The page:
Though The God Delusion is a serious analysis on religion it does have many moments that it can invoke laughter for both the theist and the non-theist. However, Dawkins only jests for a couple moments here and there before obliterating the next topic.
The reason for this book getting 4/5 stars is due to one problem: Some sections are hard to push through, or may lose the non-devoted reader do to some information being tedious at some points. One section in particular that comes to mind is the discussion of Memes and possibly a bit of the Quantum Mechanic ideas in the very last chapter. However, when one focuses on these ideas they are fascinating and notably, informative to any person, scientist or not.

Overall there is not really anything to complain about in this book. Having read Sam Harris’s, Letter to a Christian Nation*, directly before The God Delusion, I was pleased to see many of Sam Harris’s ideas put into light once again.

*I highly recommend Letter to a Christian Nation, it is an easy and quick read. It is likely to raise awareness of almost any reader.

The God Delusion is a book that every theist and atheist should read, even if its just a study of an atheistic argument or simply for enlightenment. The God Delusion holds literary merit of its own before its scientific merit even need be mentioned. This book truly is a towering model of a deconstruction of God, Religion and Morality.

___________________________________

A book that was later written in response of this book was written by none other than Alister McGrath, titled, The Dawkins Delusion, which I have read and reviewed here: The Dawkins Delusion? Review

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10 responses to “The God Delusion: Book Review #1

  1. Dawkins states he believes that not only religion is non-beneficial for society and civilization, but that it is truly dangerous. I agree with him. There is no history of atheists creating wars, burning witches at the stake, insisting their beliefs be taught to children of others in public schools, killing doctors and nurses at abortion who work in abortion clinics, bombing buildings, picketing funerals, etc.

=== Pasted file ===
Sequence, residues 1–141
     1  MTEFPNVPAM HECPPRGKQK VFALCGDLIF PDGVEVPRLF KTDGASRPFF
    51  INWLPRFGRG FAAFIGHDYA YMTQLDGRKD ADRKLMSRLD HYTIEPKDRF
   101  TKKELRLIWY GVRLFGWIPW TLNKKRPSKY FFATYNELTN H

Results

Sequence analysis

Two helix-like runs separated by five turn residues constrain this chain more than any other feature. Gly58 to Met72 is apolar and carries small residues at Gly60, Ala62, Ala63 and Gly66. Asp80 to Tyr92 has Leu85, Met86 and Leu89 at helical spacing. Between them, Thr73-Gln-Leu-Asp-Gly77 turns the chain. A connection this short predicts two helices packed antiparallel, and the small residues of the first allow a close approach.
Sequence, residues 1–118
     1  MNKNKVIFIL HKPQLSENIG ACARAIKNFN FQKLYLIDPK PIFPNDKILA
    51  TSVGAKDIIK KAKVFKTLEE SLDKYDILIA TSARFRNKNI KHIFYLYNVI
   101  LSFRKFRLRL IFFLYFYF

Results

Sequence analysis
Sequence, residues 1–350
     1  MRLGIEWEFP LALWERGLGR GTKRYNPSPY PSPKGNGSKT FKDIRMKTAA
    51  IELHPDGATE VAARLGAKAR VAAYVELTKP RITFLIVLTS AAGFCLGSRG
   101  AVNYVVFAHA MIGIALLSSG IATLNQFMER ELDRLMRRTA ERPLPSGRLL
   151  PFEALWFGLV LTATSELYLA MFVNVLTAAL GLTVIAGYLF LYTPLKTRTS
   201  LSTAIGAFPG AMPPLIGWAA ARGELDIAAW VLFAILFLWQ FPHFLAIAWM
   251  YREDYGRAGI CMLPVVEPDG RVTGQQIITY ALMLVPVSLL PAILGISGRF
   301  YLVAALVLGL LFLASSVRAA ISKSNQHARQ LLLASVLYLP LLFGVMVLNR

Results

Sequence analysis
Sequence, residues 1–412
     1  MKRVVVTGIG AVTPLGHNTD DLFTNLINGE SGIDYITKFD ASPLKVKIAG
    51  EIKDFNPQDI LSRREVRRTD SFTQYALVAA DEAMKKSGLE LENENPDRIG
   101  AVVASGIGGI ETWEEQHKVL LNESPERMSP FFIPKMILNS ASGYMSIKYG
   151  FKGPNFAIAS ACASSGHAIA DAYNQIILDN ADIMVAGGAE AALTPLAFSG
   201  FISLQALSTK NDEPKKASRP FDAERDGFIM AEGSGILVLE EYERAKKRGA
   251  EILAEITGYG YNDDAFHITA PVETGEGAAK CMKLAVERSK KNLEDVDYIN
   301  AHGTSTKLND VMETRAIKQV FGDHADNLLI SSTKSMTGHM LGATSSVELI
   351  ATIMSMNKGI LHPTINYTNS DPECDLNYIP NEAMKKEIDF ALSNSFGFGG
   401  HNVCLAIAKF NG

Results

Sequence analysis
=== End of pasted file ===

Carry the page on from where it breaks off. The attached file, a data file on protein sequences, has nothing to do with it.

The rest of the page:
For Christians what remains is the fact that the New Testament teachings are not war making teachings; they are peacemaking teachings. There is no support found in New Testament teachings for violence of any kind, even in self defense. Violence breeds new and more violent reprisals. War only creates the conditions for future war. This was the pattern up until when Jesus is alleged to have broken with previous teachings by challenging his followers to love unconditionally, to love their enemies even as they loved themselves.

  2. Great review Zach, glad you liked the book.
    Can’t wait for your review of the Dawkins Delusion, or of God is Not Great… either one.

    and in response to timethief… I think Christians twist their doctrines based upon normal secular societal evolution, the New Testament, and even Jesus specifically makes it very clear that he is not the peace loving hippy the modern church paints him as…
    “Do not think that I came to bring peace on the earth; I did not come to bring peace, but a sword. For I came to set a man against his father, and a daughter against her mother, and a daughter-in-law against her mother-in-law; and a man’s enemies will be the members of his household. He who loves father or mother more than Me is not worthy of Me; and he who loves son or daughter more than Me is not worthy of Me. And he who does not take his cross and follow after Me is not worthy of Me. He who has found his life will lose it, and he who has lost his life for My sake will find it.” (Matthew 10:34-39 NASB)

  3. It is true that Christian’s mainly focus on that of Christ’s teachings (this of course, is taking for granted that Jesus was an actual being, and was not the creation of a great moralist.) However, in the book of Matthew Jesus said that he did not come to abolish the laws of the prophets of the Old Testament, which is rather confusing.